Nutritional properties

Grapefruit, raw, white, all areas
Nutritional value per 100 g (3.5 oz)
Energy138 kJ (33 kcal)
8.41 g
Sugars7.31 g
Dietary fiber1.1 g
0.10 g
.8 g
VitaminsQuantity %DV
Thiamine (B1)
0.037 mg
Riboflavin (B2)
0.020 mg
Niacin (B3)
0.269 mg
Pantothenic acid (B5)
0.283 mg
Vitamin B6
0.043 mg
Folate (B9)
10 μg
7.7 mg
Vitamin C
33.3 mg
Vitamin E
0.13 mg
MineralsQuantity %DV
12 mg
0.06 mg
9 mg
0.013 mg
8 mg
148 mg
0.07 mg
Other constituentsQuantity
Water90.48 g

Percentages are roughly approximated using US recommendations for adults.
Source: USDA Nutrient Database

Grapefruit is a rich source of vitamin C (>20% of the Daily Value, DV in a 100 gram serving),[22][28] contains the fiber pectin,[29] and the pink and red hues contain the beneficial antioxidant lycopene.[22][30] Studies have shown grapefruit helps lower cholesterol,[22][31] and there is evidence that the seeds have antioxidant properties.[32] Grapefruit forms a core part of the "grapefruit diet", the theory being that the fruit's low glycemic index is able to help the body's metabolism burn fat.[33]

Although grapefruit seed extract (GSE) is promoted as a plant-based preservative by some natural personal care manufacturers, studies have shown that the apparent antimicrobial activity associated with GSE preparations is merely due to contamination with synthetic preservatives such as parabens.[34][35][36][37][38]

Citrus fruits show high amounts of putrescine, they contain very little spermidine.[39]

Grapefruit juice contains about half the citric acid of lime or lemon juice (which contain about 47 g/l), and about two-and-a-half times the amount of citric acid found in orange juice.[40]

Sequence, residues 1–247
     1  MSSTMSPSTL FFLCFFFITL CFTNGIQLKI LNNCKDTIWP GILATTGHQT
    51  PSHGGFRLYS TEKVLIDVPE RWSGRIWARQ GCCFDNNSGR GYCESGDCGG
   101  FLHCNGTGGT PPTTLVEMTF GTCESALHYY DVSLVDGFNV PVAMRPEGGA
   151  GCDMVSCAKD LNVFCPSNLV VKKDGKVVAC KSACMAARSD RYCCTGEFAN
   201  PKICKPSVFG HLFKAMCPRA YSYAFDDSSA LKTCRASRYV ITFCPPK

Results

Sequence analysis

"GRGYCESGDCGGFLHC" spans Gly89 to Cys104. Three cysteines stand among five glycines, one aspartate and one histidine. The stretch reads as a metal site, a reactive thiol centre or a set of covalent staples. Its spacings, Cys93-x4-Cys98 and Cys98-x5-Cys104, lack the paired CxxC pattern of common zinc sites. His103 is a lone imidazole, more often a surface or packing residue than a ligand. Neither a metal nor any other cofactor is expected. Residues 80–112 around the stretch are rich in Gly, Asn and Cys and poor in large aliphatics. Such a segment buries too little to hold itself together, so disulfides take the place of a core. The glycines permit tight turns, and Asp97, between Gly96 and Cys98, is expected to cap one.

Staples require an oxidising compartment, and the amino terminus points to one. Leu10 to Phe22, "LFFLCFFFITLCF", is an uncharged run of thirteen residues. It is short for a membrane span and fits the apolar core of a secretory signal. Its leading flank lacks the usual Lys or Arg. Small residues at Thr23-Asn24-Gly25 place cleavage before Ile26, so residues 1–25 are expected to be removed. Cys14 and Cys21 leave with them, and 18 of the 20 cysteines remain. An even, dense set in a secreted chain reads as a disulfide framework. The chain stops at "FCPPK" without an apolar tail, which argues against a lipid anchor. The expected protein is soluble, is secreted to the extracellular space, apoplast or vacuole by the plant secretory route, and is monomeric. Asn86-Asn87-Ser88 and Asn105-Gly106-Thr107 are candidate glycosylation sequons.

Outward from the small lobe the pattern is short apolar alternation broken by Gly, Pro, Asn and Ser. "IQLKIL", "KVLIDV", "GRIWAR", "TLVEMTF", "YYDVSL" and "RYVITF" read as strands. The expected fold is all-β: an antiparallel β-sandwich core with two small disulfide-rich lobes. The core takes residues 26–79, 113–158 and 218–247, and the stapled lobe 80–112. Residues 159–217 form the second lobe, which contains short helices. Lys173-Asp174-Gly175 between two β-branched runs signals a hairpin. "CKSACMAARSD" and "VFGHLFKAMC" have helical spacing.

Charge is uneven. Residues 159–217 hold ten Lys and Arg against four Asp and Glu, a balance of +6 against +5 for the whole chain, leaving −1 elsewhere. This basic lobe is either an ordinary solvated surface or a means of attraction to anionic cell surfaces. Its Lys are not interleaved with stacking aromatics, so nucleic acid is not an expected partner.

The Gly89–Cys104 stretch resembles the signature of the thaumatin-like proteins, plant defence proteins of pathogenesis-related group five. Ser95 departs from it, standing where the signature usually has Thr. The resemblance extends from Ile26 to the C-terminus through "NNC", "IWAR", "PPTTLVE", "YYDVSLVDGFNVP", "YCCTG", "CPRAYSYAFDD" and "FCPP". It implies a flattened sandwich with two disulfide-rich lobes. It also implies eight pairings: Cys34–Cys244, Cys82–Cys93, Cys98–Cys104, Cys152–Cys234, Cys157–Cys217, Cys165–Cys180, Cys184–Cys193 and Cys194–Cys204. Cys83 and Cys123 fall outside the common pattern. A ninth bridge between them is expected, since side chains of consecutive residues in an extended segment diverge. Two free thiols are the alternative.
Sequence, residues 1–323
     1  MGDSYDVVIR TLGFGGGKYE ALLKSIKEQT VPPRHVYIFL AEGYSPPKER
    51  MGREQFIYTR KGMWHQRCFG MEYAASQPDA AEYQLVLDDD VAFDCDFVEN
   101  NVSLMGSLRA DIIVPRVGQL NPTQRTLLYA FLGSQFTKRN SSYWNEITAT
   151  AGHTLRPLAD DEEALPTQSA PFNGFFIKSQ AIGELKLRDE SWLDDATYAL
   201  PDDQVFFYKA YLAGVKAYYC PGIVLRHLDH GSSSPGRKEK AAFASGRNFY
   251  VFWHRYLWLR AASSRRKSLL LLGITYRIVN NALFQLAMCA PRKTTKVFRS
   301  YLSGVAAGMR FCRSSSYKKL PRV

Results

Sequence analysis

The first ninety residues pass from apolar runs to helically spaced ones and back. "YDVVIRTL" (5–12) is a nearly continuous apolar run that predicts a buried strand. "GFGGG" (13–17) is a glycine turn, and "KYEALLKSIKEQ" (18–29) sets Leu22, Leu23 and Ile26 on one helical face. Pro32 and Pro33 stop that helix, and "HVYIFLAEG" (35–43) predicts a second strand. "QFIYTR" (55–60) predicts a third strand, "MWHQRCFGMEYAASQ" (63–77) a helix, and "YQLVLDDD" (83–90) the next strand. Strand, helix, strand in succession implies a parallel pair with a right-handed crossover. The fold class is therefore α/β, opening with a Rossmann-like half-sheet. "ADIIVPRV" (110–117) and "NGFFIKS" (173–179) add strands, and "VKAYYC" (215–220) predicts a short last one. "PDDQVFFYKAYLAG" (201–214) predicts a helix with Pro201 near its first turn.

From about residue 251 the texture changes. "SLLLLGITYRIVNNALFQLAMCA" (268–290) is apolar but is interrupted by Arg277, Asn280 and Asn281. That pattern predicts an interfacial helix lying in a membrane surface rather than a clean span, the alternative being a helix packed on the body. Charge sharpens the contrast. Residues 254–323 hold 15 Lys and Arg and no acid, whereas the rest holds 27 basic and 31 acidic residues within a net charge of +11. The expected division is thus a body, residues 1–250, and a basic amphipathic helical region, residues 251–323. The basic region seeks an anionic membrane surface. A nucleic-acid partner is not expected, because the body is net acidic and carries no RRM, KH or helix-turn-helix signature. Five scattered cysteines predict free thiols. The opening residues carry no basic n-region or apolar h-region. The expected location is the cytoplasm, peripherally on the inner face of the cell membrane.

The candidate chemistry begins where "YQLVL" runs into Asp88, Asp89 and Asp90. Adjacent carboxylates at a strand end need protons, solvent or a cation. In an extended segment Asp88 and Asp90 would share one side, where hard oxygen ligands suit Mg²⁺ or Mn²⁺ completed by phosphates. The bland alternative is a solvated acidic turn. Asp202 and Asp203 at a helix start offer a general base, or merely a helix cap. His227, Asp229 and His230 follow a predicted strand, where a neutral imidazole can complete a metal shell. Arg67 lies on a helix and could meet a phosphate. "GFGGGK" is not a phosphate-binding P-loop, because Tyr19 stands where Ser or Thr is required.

Grapefruit Sweets

In Costa Rica, especially in Atenas, grapefruit are often cooked to remove their sourness, rendering them as sweets; they are also stuffed with dulce de leche, resulting in a dessert called toronja rellena (stuffed grapefruit).[41] In Haiti, grapefruit is used primarily for its juice (jus de Chadèque), but also is used to make jam (confiture de Chadèque).[42][43]

Other uses

Grapefruit has also been investigated in cancer medicine pharmacodynamics. Its inhibiting effect on the metabolism of some drugs may allow smaller doses to be used, which can help to reduce costs.[44]

Lifestyle magazines and websites sometimes recommend grapefruit as a stain remover for porcelain and enamel.[45][46]

Grapefruit relatives

Grapefruit is a pomelo backcross, a hybrid of pomelo × sweet orange, with sweet orange itself being a pomelo × mandarin hybrid.

The grapefruit is a parent to many hybrids:

The grapefruit's cousins include:

See also


  1. ^ a b Carrington, Sean; Fraser, HenryC (2003). "Grapefruit". A~Z of Barbados Heritage. Macmillan Caribbean. pp. 90–91. ISBN 978-0-333-92068-8. One of many citrus species grown in Barbados. This fruit is believed to have originated in Barbados as a natural cross between sweet orange (C. sinesis) and Shaddock (C. grandis), both of which originated in Asia and were introduced by Europeans in the seventeenth century. The grapefruit first appeared as an illustration entitled "The Forbidden Fruit Tree" in The Natural History of Barbados (1750) by Rev. Griffith Hughes. This accords with the scientific name which literally is "citrus of paradise". The fruit seems to have been fairly commonly available around that time, since George Washington in his Barbados Journal (1750-1751) mentions "the Forbidden Fruit" as one of the local fruit available at a dinner party he attended. The plant was later described in the 1837 Flora of Jamaica as the Barbados Grapefruit. The historical arguments and experimental work on leaf enzymes and oils from possible parents all support a Barbadian origin for the fruit.